We had a chance this week to hear how IBM Research goes about its mission of inventing the future. Instead of hiring the brightest scientists and locking them in an ivory tower with like-minded people, the organization strives to embrace collaboration and a full-stack scope of solutions. The different perspectives and contributions from clients, partners, and other research organizations can combine to produce the hardware, software, and systems needed to solve a problem with a superior solution.
The Benefits of the Full-Stack Approach
If you are a chip designer, the solution to a problem is probably a new chip. But if you are a software designer, you sit down and start writing code that will run on an existing chip. But if you are IBM Research scientist, you get people together from all relevant domains and collaborate on a full solution to a problem, co-designing across various disciplines. By co-designing with clients, partners, and technology pillars, a comprehensive approach will produce superior results compared to a piece-meal solution.
A good example is how IBM Research has addressed the needs for in-line or real-time AI to prevent credit card fraud, ensure security, and validate transactions. IBM combined semiconductor design for reduced precision math operations with software, firmware, SoC design, and full systems engineering to solve these and other customer needs in business-critical transaction processing.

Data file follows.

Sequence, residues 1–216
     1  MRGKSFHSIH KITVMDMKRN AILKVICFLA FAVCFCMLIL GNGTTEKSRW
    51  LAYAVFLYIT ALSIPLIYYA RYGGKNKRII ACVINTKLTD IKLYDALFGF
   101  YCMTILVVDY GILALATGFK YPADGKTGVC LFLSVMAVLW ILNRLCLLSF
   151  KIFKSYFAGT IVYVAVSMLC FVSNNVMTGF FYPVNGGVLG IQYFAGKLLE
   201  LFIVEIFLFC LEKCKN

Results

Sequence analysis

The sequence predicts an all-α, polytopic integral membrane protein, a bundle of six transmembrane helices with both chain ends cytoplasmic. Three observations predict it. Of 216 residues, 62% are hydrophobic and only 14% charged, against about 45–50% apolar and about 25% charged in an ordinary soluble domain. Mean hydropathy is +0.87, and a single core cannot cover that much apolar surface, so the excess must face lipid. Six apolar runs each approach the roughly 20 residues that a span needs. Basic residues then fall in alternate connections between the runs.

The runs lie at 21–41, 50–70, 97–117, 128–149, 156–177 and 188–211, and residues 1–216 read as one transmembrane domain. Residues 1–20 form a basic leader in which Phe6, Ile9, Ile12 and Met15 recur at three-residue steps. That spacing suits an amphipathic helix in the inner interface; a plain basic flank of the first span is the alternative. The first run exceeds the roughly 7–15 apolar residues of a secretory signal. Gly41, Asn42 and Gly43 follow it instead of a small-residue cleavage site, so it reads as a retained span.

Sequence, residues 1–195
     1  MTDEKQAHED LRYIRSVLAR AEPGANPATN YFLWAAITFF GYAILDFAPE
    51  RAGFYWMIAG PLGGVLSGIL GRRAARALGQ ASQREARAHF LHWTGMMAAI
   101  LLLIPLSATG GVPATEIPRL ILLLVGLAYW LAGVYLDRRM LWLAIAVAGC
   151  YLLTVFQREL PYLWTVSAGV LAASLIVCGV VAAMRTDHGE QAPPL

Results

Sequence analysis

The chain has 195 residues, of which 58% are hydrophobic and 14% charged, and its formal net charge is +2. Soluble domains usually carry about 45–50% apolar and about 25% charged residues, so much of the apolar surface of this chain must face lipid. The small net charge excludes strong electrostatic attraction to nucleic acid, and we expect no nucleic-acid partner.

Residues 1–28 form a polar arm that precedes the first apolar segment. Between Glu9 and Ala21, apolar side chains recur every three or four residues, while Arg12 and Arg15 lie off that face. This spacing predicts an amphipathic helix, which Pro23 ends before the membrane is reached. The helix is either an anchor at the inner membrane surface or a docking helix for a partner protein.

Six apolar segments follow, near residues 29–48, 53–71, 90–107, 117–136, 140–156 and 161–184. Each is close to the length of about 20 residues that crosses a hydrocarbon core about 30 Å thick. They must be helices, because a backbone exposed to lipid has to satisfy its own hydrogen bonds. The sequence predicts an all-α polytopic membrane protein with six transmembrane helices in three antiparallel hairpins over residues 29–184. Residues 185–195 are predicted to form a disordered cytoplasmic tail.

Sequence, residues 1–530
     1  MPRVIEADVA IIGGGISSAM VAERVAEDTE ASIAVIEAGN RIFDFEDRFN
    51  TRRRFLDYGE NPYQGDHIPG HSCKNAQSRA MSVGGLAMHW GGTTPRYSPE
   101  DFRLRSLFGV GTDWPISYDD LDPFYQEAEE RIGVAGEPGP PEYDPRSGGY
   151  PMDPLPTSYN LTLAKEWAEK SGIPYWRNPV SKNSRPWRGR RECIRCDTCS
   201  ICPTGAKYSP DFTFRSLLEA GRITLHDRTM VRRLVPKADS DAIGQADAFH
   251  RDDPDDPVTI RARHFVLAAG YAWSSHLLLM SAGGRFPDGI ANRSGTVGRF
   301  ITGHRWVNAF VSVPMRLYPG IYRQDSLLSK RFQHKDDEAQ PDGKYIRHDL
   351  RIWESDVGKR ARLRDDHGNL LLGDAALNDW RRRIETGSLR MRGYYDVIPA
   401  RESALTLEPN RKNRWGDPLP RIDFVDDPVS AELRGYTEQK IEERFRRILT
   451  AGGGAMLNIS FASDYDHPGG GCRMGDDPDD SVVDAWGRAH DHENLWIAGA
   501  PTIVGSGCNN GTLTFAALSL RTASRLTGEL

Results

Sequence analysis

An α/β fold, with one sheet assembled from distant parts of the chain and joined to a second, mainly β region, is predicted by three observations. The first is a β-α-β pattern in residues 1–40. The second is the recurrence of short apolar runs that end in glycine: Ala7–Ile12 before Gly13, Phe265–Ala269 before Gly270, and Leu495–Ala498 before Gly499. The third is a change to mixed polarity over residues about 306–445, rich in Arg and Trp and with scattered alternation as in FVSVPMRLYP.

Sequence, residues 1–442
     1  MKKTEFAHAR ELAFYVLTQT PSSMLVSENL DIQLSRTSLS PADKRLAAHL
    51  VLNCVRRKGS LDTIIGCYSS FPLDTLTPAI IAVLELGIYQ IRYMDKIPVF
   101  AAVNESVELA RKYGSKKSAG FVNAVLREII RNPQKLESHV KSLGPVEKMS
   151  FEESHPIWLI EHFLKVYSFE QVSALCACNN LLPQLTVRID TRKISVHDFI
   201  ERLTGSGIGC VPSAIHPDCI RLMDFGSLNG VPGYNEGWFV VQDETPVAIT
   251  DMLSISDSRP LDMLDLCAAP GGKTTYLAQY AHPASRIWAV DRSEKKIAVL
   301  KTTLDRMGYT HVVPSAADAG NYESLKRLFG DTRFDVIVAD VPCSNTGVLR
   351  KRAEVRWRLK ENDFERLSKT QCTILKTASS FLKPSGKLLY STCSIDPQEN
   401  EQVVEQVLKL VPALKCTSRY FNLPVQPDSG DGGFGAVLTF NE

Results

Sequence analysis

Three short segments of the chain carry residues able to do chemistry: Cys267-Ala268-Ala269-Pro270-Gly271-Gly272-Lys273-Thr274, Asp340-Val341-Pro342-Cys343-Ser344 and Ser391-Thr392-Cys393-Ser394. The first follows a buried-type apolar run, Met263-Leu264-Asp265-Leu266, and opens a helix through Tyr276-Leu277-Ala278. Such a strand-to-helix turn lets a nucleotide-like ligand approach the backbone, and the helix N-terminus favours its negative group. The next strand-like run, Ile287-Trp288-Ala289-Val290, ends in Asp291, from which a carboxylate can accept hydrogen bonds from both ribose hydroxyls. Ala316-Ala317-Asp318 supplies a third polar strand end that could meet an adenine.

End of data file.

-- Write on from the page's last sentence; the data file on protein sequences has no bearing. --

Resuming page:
Some people still think IBM got out of the hardware business. Yes, they exited hardware businesses that were commoditizing, like x86-based PCs and servers. But they didn’t exit the high-value (and margin) business that remain above the commodity fray in the market place, and they remain in these business precisely to enable a full-stack solution to hard-to-solve problems.
In this video, IBM VP of Hybrid Cloud, IBM Research, Mukesh Khare explains more.
IBM Research stands at the crossroads of technologies that can solve difficult problems, playing a pivotal role in fundamental technologies such as semiconductors, materials, manufacturing, quantum, hybrid cloud and analog computing. By adopting co-design principles, projects across IBM Research address the full stack of technology needed to meet challenging problems holistically.